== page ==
But as a strategic management consultant and professor, the movie spoke to me on a different level, as I believe that “Don’t Look Up” conveyed an important reality about how management, particularly in big companies, operates far, far too often. Indeed, the same lesson can be just as easily applied in the public sector and even among non-profit organizations as well. This is the simple fact that all too often, the people in charge just simply don’t want to hear bad news! And the corollary to that, of course, is that people reporting to those who have a “C” in the acronym of their title don’t want to be the bearer of that bad news either! After all, the expression, “Don’t shoot the messenger,” wasn’t invented out of thin air. Rather, it came from the fact that all too often throughout history, those who bore bad news to the “important people” did in fact lose their jobs or were relegated to lesser roles, simply because they spoke up about an impending threat to the stability of the organization, or maybe even its viability and existence.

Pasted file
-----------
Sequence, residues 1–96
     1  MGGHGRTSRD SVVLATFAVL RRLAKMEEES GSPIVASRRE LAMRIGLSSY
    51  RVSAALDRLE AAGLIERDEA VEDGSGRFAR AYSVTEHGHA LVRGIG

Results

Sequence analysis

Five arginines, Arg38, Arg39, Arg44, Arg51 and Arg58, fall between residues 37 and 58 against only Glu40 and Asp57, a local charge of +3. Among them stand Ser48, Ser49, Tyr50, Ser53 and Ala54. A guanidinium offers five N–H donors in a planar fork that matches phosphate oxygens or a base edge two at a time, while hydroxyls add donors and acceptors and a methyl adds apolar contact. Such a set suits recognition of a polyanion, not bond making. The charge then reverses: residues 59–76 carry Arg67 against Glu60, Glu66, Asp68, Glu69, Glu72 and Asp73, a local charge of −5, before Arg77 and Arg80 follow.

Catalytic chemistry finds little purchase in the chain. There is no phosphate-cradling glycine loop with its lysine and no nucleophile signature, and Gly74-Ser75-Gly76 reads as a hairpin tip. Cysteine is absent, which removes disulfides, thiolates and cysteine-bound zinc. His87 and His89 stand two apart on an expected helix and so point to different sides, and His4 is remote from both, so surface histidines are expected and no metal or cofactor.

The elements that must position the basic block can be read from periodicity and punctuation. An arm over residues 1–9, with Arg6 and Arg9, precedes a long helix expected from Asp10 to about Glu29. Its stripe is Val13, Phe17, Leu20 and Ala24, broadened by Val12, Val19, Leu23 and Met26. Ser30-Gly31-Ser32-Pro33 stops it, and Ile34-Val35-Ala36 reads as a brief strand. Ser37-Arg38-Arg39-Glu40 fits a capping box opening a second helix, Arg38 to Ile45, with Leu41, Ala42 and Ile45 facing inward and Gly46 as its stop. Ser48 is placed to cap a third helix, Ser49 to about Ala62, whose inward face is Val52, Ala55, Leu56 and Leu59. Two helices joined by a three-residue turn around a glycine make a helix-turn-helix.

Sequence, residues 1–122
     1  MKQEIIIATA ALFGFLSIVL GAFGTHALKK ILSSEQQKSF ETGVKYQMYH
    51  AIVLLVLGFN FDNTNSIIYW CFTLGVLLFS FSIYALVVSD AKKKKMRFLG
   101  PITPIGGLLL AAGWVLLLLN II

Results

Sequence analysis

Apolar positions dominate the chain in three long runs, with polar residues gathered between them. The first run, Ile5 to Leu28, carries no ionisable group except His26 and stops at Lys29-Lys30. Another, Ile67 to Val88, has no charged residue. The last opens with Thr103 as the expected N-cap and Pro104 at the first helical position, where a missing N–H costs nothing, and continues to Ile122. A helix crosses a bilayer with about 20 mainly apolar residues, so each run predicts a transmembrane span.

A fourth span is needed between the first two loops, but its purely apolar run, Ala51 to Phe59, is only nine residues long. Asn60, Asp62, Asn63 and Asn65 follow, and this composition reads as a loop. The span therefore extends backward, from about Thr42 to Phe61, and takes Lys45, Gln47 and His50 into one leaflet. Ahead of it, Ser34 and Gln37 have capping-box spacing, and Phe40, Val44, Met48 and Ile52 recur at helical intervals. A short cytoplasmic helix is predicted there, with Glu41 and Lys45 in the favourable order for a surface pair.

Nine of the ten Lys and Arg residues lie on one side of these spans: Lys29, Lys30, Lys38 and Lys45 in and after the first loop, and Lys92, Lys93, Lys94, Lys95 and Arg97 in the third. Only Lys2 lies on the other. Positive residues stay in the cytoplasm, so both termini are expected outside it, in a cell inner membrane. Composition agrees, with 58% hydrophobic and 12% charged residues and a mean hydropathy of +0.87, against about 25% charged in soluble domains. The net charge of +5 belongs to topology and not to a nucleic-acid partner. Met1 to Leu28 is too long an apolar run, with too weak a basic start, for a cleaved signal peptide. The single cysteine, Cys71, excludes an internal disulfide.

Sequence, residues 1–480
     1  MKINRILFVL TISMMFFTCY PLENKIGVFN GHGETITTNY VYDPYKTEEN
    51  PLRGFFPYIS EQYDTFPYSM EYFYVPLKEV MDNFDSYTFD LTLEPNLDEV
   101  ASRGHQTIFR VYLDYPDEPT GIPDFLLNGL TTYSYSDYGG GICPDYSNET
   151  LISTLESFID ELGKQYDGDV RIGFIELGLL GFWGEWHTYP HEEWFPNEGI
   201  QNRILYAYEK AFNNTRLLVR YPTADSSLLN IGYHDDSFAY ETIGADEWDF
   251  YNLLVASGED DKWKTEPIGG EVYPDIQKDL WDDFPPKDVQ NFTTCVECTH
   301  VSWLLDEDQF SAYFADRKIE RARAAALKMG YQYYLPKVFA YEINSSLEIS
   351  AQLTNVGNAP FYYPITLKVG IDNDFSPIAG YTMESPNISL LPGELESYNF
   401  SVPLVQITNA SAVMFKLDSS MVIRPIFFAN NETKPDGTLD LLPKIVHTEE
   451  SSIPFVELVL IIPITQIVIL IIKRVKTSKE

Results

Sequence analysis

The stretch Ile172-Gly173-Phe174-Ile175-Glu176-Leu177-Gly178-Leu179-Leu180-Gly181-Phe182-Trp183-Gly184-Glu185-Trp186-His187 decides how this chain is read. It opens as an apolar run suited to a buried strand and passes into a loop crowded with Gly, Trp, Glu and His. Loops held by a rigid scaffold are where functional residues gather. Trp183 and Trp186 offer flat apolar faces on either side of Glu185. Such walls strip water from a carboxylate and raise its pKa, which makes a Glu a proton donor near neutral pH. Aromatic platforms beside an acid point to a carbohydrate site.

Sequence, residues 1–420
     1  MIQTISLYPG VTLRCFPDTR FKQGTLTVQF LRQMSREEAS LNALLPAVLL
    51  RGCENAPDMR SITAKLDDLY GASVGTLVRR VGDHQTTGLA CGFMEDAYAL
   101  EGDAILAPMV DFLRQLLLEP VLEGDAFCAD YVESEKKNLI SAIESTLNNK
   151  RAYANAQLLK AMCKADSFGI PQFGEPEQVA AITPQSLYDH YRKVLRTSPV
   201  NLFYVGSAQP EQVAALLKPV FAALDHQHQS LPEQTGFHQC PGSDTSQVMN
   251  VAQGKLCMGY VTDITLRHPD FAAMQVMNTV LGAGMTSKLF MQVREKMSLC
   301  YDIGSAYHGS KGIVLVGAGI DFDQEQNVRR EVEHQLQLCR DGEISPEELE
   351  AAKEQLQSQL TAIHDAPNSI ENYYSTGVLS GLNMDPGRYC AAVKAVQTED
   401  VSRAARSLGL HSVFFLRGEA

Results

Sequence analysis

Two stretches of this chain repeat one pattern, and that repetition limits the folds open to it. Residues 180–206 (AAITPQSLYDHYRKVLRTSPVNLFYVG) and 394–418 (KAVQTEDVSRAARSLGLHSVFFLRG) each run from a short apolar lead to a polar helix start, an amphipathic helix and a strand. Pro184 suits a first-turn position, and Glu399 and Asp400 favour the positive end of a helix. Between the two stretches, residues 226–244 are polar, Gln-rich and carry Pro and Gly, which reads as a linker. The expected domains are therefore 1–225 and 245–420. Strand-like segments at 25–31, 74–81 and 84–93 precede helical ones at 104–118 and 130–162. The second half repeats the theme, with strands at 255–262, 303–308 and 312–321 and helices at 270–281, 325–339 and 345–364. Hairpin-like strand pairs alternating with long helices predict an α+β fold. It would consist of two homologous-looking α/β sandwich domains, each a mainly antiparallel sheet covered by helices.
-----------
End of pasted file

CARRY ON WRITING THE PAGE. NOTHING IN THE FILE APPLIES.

We have seen time and time and time again throughout history how very smart, very capable executives have simply refused to deal with, and in many cases to even acknowledge, what are dangerous - and yes, sometimes even existential - threats to their companies and their business models. Most often, these situations involve changes in technology, changes that often force companies to “adapt or die” - and in many instances, the latter does happen. There is a famous story from the 1950’s where the chief executive of the company that was the preeminent manufacturer of propeller engines for commercial and military aircraft was told that jet engines were about to come on the market and fast make their products almost obsolete overnight. The legend has it that when his underling told him the realities of the market that was about to be transformed by the new invention, he responded with, “Son, we make propeller engines!” In other words, the CEO saw his company being in the propeller engine business, not the aircraft engine market, even as the industry was being transformed with the development of engines that were far faster, far more efficient, and far more reliable than the propeller engines of the day. And so that company quickly became a “corporate dinosaur,” destined to be made extinct simply because they would not - or could not - come to acknowledge the realities of the fast-changing technology and the aircraft engine industry. From the famous mistaken assumptions that “no one will need or want a home computer” to the “Internet will just be a passing thing,” this same scenario plays out over and over again.